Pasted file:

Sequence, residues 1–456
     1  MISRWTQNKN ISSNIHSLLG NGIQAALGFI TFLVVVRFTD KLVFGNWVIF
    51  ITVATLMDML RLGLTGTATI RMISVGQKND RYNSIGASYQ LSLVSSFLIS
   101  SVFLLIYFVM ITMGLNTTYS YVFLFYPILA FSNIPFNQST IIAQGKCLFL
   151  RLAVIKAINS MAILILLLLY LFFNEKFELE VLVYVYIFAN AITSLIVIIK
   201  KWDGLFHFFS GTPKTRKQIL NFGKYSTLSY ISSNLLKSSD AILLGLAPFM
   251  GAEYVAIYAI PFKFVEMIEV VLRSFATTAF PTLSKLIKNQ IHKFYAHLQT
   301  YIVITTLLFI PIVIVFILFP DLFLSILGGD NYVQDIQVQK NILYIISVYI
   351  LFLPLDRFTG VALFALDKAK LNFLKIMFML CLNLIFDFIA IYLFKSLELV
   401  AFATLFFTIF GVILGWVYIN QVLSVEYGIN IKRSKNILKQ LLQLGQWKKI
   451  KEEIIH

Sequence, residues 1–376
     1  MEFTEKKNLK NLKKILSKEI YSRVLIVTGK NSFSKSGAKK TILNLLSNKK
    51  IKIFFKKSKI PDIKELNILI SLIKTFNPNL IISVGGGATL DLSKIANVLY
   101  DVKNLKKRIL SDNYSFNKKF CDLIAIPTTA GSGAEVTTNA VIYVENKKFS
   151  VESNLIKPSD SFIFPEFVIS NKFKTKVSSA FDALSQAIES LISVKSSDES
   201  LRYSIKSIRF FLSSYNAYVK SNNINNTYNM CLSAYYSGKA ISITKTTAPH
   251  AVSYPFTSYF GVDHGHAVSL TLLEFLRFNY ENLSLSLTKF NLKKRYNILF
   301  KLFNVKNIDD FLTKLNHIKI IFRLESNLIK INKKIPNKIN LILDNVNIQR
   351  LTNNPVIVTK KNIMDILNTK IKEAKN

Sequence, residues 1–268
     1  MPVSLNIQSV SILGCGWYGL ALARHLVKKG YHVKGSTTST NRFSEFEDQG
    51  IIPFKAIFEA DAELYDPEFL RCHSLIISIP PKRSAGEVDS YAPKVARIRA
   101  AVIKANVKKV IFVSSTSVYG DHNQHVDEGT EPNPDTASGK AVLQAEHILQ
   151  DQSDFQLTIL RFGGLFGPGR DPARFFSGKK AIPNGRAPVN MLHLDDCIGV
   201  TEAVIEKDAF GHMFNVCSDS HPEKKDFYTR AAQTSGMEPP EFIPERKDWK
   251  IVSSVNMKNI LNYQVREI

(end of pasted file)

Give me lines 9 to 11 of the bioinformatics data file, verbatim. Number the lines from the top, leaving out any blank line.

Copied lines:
   351  LFLPLDRFTG VALFALDKAK LNFLKIMFML CLNLIFDFIA IYLFKSLELV
   401  AFATLFFTIF GVILGWVYIN QVLSVEYGIN IKRSKNILKQ LLQLGQWKKI
   451  KEEIIH